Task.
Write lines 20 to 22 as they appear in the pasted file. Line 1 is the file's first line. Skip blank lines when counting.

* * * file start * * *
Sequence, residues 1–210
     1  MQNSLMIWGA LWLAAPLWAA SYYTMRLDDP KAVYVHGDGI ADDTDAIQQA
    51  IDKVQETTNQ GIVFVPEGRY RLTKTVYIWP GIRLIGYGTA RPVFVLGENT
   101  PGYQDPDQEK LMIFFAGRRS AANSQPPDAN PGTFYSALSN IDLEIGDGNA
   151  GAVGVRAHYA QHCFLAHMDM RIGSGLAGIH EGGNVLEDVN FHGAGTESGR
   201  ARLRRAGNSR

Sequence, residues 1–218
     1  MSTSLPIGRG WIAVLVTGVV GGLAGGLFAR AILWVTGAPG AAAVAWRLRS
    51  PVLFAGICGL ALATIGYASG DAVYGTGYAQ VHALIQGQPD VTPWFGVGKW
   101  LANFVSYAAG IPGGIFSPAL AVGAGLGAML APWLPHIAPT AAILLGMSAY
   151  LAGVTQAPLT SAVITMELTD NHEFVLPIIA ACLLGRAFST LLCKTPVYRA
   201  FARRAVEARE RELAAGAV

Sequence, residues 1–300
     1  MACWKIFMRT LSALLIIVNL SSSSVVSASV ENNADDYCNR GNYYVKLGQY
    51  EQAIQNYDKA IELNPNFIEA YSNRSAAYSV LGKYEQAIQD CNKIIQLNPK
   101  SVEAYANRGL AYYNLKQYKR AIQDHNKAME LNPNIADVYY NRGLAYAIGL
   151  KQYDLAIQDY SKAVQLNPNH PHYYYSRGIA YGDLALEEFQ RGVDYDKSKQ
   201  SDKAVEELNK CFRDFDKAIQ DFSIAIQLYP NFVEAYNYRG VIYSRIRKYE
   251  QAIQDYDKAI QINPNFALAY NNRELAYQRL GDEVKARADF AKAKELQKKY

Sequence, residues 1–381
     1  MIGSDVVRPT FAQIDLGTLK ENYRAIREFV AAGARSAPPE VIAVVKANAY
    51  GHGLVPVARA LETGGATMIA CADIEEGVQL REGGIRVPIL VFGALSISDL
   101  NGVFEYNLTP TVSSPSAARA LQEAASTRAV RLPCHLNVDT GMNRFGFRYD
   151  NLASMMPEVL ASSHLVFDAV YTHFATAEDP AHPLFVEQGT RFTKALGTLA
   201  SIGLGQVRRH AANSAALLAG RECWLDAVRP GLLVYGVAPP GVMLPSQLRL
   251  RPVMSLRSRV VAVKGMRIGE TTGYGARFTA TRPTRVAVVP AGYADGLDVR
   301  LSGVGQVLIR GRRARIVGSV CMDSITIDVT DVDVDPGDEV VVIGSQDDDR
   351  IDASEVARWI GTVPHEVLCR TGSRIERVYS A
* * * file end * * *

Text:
Sequence, residues 1–381
     1  MIGSDVVRPT FAQIDLGTLK ENYRAIREFV AAGARSAPPE VIAVVKANAY
    51  GHGLVPVARA LETGGATMIA CADIEEGVQL REGGIRVPIL VFGALSISDL